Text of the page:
You can also put it to work with literary texts. Remember last year when literary experts were debating whether the new novel from Harper Lee, “Go Set A Watchman,” might simply be an early draft of her masterpiece, “To Kill A Mockingbird”? If you go with the assumption that the revision process for a story involves in part a variation of The Rule of Replacing (replacing “ands” with “buts”) then you would predict Watchman would be more of an AAA work while Mockingbird is more ABT.

The Narrative Index matches this prediction.Watchman scores an N.I. of 17 while Mockingbird scores a 24. It’s not the definitive proof, but is at least quantitative and in the case of these novels the sample size of total words is pretty large.


From the start of the current Presidential campaign, Hillary has lacked the basic narrative elements that Trump has a mastery of. She never developed a simple, singular slogan. Even Bernie managed it with his “eat the rich” theme. When quizzed on Bernie’s approach to Wall Street she takes the AAA approach of “it’s not that simple.” She doesn’t drill into problem-solution dynamics the way Trump does, and now, most distressing, the numbers are stark for The Narrative Index.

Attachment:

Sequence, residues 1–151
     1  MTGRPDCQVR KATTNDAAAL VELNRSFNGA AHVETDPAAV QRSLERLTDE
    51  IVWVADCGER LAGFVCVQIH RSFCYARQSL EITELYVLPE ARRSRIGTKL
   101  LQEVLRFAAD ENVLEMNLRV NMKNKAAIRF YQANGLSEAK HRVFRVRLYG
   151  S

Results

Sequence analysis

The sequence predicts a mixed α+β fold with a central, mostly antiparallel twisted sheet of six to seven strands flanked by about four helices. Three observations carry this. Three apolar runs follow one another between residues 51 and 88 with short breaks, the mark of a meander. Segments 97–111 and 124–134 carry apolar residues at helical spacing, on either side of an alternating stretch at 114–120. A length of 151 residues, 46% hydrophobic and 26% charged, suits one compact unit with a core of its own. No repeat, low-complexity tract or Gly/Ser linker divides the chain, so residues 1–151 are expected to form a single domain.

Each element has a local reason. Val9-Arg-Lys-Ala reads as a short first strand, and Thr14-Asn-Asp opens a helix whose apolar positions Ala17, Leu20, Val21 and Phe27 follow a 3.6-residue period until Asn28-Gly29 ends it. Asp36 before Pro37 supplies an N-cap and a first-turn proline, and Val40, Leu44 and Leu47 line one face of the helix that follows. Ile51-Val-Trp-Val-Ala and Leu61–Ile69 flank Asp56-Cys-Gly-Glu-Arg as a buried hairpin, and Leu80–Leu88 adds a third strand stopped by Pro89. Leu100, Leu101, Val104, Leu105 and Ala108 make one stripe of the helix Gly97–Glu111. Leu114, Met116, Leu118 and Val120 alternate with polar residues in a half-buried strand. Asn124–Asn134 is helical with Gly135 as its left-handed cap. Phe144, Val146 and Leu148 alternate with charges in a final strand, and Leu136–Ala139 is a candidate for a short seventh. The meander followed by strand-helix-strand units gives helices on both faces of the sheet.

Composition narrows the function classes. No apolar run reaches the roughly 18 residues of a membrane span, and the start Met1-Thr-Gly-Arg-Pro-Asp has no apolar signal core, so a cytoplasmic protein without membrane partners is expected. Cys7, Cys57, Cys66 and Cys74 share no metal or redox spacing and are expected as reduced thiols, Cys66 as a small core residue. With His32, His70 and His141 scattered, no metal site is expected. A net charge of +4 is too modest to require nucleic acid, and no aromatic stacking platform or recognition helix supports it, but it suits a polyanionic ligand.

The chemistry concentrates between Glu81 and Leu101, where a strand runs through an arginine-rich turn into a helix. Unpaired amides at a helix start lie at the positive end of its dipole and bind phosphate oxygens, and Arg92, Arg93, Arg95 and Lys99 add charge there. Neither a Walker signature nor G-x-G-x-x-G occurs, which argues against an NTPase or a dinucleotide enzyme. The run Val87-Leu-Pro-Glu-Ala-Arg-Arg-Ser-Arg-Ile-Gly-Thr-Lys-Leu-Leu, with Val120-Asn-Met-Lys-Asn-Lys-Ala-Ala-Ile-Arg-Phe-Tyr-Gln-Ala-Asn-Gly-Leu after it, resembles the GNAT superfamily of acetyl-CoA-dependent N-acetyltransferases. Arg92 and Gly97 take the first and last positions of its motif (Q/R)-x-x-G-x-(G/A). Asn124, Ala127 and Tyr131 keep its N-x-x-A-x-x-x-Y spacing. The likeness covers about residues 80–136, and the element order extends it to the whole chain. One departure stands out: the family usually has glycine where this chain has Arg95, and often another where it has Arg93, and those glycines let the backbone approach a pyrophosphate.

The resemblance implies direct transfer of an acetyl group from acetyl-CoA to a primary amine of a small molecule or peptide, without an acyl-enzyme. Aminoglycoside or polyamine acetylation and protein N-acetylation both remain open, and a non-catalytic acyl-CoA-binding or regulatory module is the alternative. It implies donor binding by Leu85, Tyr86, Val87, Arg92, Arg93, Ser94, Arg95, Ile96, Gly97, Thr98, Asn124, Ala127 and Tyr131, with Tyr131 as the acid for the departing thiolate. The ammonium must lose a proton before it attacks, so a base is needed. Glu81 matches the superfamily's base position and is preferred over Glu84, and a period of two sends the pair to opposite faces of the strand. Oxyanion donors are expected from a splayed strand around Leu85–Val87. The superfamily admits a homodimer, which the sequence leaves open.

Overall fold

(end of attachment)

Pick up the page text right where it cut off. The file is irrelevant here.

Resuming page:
Trump is never below 20 in the more than 20 performances of his I have analyzed. She ends up with an average of 14 (for 21 performances) with 6 of the scores being below 10, and only 5 over 20. In simple terms, she delivers half the narrative heft of Trump.

So what does this mean? It’s pretty simple. Do the math. She needs to get more focused, even at the finest scales of how she communicates. It’s a short attention span world today. Trump is pre-adapted to it. Hillary is communicating like the 90’s.

But here’s one glimmer of hope. The highest score I’ve ever found for her was a 27, which is right at Trump’s level. Guess where it was from. Her Wellesley College student commencement speech of 1969.